Roads Are Our Salvation!

by Joshua Foust on 9/29/2009 · 9 comments

From the Associated Press, a years-old story:

Taliban militants are sowing fear along Afghanistan’s highways with stepped-up checkpoints, hijackings and bombs — including one Tuesday that killed at least 30 bus passengers in the south. Afghan authorities say the attacks, often carried out by only a handful of militants, are part of a psychological campaign to convince civilians that Taliban control is spreading.

“It is quite possible for a group of three to five insurgents to come out on the highway and attack a convoy,” said the Interior Ministry spokesman, Zemarai Bashary. “Maybe thousands of people will travel that day and they are watching that convoy burning.”

Militants are planting more roadside bombs than ever, killing far more Afghan civilians than Afghan or coalition soldiers. The bombings — and ambushes with automatic weapons and rocket-propelled grenades — are increasingly taking place on main roads against trucks and buses.

Do I even need to mention that a certain counterinsurgency grand theorist wrote an entire chapter about how roads solve security? That’s because roads, like all infrastructure, is dual-use—whatever makes movement easier for us also makes it easier for them. Really basic critical thinking about this makes it feel kind of obvious, but that didn’t seem to affect the breathless tone of the coverage of roads last year.

Just for funsies, here’s a neat quote by the famed pseudo-ethnographer Schuyler Jones (he actually moved his wife and kids to live with him in Nuristan in the 60s!) about how the riparian communities up the Waygal Valley behaved toward government-funded roads


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– author of 1848 posts on 17_PersonNotFound.

Joshua Foust is a Fellow at the American Security Project and the author of Afghanistan Journal: Selections from Registan.net. His research focuses primarily on Central and South Asia. Joshua is a correspondent for The Atlantic and a columnist for PBS Need to Know. Joshua appears regularly on the BBC World News, Aljazeera, and international public radio. Joshua's writing has appeared in the Columbia Journalism Review, Foreign Policy’s AfPak Channel, the New York Times, Reuters, and the Christian Science Monitor. Follow him on twitter: @joshuafoust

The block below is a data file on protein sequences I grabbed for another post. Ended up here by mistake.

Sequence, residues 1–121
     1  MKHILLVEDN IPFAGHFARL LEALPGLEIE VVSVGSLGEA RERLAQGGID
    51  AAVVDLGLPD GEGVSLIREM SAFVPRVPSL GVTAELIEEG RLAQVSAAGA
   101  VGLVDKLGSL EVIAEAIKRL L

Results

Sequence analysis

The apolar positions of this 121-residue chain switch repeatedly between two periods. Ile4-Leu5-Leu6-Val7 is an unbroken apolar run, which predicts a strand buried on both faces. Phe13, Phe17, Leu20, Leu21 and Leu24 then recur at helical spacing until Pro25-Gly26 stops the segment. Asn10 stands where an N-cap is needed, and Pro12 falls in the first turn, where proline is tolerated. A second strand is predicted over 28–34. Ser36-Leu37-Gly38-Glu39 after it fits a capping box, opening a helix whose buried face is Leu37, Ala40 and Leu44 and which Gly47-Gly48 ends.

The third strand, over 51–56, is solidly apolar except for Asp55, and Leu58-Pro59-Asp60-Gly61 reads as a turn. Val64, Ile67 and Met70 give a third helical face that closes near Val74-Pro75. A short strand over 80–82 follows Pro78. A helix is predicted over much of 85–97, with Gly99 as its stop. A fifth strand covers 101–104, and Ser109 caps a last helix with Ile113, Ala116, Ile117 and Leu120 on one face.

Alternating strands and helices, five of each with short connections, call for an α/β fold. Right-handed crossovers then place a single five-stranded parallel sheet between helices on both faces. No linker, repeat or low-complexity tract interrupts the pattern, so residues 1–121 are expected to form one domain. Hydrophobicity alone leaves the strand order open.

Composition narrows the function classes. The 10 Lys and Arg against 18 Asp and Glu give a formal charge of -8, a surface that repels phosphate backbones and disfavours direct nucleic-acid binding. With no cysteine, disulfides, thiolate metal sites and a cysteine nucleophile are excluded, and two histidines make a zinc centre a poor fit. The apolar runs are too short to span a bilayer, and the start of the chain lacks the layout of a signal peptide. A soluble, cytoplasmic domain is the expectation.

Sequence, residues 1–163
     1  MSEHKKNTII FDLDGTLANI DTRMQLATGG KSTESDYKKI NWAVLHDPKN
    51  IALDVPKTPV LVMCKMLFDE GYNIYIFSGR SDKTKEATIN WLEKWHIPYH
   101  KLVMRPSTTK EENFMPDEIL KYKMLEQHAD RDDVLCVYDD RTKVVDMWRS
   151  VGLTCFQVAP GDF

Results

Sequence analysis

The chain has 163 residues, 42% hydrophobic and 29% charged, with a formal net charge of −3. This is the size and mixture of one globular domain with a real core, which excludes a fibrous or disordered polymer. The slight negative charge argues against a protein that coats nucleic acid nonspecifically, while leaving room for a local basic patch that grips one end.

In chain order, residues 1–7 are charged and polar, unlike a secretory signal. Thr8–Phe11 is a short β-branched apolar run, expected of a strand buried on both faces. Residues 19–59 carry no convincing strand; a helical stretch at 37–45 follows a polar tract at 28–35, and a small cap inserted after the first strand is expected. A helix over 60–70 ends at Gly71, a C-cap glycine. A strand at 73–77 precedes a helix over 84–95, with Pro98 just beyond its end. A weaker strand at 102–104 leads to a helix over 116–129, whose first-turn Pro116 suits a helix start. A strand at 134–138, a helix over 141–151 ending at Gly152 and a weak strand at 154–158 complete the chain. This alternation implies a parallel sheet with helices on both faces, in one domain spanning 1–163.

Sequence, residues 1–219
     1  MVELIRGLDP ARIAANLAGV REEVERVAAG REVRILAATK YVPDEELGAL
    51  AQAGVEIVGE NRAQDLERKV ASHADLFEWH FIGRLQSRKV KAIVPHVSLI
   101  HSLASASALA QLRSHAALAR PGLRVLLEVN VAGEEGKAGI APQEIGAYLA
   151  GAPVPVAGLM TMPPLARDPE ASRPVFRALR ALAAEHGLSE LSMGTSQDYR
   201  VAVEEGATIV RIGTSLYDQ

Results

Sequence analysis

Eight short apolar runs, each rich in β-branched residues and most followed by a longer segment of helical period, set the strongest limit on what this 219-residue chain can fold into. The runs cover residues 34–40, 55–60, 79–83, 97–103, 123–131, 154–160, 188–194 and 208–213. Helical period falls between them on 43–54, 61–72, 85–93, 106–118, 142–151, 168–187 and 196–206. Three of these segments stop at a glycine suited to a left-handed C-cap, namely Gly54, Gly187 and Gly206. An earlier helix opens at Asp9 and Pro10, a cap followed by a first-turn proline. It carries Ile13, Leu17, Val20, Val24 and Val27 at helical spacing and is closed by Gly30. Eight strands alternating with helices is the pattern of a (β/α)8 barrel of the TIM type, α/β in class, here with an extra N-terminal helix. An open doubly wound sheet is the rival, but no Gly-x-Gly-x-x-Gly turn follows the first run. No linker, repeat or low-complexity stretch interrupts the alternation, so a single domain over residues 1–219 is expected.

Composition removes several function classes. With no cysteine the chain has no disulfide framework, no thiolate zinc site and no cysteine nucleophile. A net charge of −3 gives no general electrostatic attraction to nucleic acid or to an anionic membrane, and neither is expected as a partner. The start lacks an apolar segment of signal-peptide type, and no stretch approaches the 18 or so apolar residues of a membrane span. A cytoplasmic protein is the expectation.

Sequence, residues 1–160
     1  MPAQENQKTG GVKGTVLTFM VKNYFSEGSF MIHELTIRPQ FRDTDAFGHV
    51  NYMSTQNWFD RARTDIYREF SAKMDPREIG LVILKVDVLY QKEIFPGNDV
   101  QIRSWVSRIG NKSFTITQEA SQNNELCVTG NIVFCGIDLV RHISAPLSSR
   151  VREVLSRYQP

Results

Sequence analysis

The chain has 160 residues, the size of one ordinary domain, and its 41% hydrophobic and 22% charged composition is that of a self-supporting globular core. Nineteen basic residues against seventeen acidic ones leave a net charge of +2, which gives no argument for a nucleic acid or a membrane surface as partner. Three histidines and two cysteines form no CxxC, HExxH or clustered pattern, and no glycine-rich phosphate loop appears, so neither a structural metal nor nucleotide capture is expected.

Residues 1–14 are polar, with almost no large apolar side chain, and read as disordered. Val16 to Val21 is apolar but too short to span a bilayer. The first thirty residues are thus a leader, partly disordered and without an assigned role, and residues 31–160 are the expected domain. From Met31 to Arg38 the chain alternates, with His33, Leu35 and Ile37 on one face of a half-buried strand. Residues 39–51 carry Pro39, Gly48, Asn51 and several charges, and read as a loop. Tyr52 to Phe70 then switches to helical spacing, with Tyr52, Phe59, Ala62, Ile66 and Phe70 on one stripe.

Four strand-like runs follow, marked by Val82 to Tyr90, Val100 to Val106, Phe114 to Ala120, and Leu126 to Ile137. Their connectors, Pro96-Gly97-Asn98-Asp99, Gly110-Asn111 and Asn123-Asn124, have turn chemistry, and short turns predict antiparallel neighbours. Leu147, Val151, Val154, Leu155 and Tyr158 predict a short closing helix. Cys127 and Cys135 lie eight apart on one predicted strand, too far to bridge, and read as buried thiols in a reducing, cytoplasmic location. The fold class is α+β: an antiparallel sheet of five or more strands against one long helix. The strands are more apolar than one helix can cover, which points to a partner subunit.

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{ 9 comments }

IntelTrooper September 29, 2009 at 8:02 pm

And pretty much every road in Afghanistan cross at least one ditch…

dennis September 29, 2009 at 8:32 pm

even a new road,one will fine a pothole at times.

DE Teodoru September 30, 2009 at 7:48 pm

Very smart guy this Mr. Foust….but….

“Sowing fear”– well what the hell are we doing that’s so different? Perhaps this is what Exum meant when he complained that we’re not “KINETIC” enough with the population. The fact is that terrain is not what we want. We want an Afghan Gov that will not give permission to alQaeda to use the country as a base. Perhaps that’s the question Mullah Omar faced and then he asked himself: “What the hell can I do if I say no? I can’t enforce my refusal, so why not cash in on the benefits this Muslim brother offers.” Mr. Foust points out Exum’s criticism that we don’t know what HOLD means. Pardon me, we know well as we paid heavily in blood in Vietnam to learn with CAP and MAT teams but the issue is how can a few teeth with such a big tail hold so much as to be effective? That’s our problem, we have BIIIIIIGGGG logistic tails because we’re trigger happy. The Russians are getting a big laugh as we are going hypoxic for lack of logistic routes. If we can’t feed and supply our “holding troops” how do we keep the promises with which we bought off village elders? That’s what turns Afghans to the Taliban: OUR BROKEN PROMISES VS. TALIBAN NIGHT LETTERS—at least they are family. Wow, I saw this before in Vietnam. Exactly the same! In a village near Pleiku a first class Hungarian born Green Beret was pleading: how can we get these villagers on night patrol when we can’t even get army issue jackets to them so they don’t tremble to immobility from cold rather than fear. Well, I sent jackets… but someone made sure they returned to the Saigon street market where I bought them. As in Vietnam, our people are crooked and our Afghans are crooked (they can’t steal without American collaboration). Everyone is figuring, I’m gonna get killed probably or at best I’m gonna have to make a run for it. If I do, I better get some capital to open a shop in Pakistan or Uzbekistan. Ahha! Here is the issue. “Our” Afghans won’t do what we ask them to because they know we’re leaving– HELL THEY SAW THAT FOR **8** YEARS DURING WHICH WE SAID WE ARE THERE AND WE WERE NOT! So everyone is trying to survive long enough to gather a crooked nest egg before it’s over and they have to run abroad.